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Edited by Chermaine Yap

While Valentine’s Day may be over, flowers are still “in season” across Musim Mas’ plantations because of their beneficial value to combat pests within oil palm plantations. Specks of yellow-orange flowers dot shrubs lining the roadside, forming a sea of yellow spots throughout Musim Mas’ estates.

These flowers are known as Cassia cobanensis. “It may seem like these pretty blooms were planted for aesthetic reasons, but they do much more than that,” said Ooi Ling Hoak, Head of Research and Development (R&D) at Musim Mas’ Estates Division. This article helps explain why flowers are a sustainable method to manage pest populations and reduce the need for chemical pesticides.

An agronomist by training, Ooi and his team of research personnel support the plantations by providing specialist knowledge to resolve agronomic issues.

How do pests affect oil palms?

Plantations are often plagued by pests, which can cause significant damage to the oil palm leaves. Oil palm trees use chlorophyll in leaves to create energy through photosynthesis. Fewer leaves mean less energy for the trees, which leads to reduced growth and subsequent reduction in oil yield.

These pests can be difficult to control using traditional methods such as pesticides, as they can quickly develop resistance and harm non-target organisms. Thus, using natural predators is becoming an increasingly popular and sustainable approach to managing oil palm pests.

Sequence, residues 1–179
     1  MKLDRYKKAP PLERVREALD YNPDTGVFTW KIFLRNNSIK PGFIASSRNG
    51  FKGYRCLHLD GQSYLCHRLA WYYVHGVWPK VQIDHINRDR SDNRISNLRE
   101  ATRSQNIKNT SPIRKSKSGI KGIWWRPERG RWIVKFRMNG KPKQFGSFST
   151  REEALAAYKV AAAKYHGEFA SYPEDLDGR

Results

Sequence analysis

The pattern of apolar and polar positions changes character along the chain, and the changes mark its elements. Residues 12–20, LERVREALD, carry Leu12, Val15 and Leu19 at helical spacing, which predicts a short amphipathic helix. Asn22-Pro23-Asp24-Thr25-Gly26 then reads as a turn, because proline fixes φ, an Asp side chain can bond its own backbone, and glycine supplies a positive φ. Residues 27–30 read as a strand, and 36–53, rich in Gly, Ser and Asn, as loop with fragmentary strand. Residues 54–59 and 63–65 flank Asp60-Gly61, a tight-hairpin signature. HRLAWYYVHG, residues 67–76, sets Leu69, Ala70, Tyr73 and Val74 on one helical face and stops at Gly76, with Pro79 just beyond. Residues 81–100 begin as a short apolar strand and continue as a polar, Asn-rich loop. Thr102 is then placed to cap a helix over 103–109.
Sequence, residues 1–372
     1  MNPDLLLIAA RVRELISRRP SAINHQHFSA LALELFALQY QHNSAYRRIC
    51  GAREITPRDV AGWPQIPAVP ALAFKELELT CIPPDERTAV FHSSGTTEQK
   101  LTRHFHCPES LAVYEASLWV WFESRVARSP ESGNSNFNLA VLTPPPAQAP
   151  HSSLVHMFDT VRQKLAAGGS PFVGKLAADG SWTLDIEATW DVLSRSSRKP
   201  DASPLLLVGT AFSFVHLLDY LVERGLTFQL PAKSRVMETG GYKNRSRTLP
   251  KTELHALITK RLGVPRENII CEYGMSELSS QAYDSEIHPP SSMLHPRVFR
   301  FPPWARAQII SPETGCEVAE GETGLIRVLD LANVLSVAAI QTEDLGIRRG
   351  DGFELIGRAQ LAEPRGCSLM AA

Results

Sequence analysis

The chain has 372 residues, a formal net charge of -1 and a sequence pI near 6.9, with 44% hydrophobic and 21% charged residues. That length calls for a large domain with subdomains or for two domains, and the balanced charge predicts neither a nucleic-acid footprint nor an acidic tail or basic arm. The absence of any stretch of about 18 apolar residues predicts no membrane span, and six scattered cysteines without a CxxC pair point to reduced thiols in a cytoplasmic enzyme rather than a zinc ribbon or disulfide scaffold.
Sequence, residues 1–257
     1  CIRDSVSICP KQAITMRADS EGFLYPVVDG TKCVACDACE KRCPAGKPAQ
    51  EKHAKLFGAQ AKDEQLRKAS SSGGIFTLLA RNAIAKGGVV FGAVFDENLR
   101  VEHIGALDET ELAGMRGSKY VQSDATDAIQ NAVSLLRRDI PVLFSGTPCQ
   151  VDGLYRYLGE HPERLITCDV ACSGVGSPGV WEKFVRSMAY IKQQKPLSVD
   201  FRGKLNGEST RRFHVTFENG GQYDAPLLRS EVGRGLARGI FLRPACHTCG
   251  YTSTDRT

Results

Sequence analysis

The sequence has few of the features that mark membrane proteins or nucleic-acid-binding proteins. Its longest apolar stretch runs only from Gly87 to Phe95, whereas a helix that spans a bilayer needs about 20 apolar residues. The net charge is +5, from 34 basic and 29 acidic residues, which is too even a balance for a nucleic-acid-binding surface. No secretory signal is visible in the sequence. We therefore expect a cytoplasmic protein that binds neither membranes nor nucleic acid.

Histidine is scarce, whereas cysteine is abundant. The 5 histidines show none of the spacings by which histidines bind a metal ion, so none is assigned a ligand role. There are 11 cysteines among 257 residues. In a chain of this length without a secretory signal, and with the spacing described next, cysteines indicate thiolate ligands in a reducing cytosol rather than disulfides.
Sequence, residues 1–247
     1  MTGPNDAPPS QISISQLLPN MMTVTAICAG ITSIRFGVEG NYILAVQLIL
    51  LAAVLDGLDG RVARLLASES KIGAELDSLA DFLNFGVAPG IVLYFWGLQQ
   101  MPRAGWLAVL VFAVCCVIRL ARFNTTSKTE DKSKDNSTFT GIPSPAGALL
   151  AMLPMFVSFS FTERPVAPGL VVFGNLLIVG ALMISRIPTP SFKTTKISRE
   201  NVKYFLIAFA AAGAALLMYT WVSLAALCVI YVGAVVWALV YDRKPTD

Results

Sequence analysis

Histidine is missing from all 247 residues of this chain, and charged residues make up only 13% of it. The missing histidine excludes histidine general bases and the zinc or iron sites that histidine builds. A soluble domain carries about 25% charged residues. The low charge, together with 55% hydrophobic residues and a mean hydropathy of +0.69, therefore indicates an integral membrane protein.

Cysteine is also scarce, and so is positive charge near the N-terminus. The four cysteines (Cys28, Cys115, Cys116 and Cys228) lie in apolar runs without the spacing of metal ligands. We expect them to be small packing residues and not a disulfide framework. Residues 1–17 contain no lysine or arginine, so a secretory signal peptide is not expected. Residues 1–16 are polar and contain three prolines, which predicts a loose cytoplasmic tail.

“These flowers give us a biological way to combat leaf-eating pests in oil palm plantations,” explained Ooi. Cassia cobanensis provides nectar as food for parasitoids associated with the nettle caterpillar and bagworm, the common leaf-eating pests in oil palm plantations.

Parasitoids are typically insects that lay their eggs on or inside another organism and whose larvae develop by feeding on the host’s body tissues. It ultimately kills and prevents its host’s reproduction. This is the parasitic cycle which regulates the pest population in a plantation.

Besides Cassia cobanensis, other flowering shrubs in the estates include Euphorbia heterophylla, Turnera subulata and Antigonon leptopus. These flowering shrubs host a range of predators of leaf-eating pests and hence are also helpful in pest control.

Beneficial plants are one of the methods in Integrated Pest Management

This biological method of pest control combining with minimal chemicals, also known as Integrated Pest Management (IPM), forms a vital part of the environmentally-conscious agricultural practices in Musim Mas. IPM aims to reduce the use of pesticides and herbicides and their associated environmental and health risks.

In addition to planting resistant varieties of crops, Musim Mas uses barn owls as part of our IPM program. Musim Mas has installed owl boxes in its plantations to attract barn owls, natural predators of rodents. Rodents can cause damage to crops and spread diseases, but the presence of barn owls helps to control their populations, reducing the need for chemical pesticides.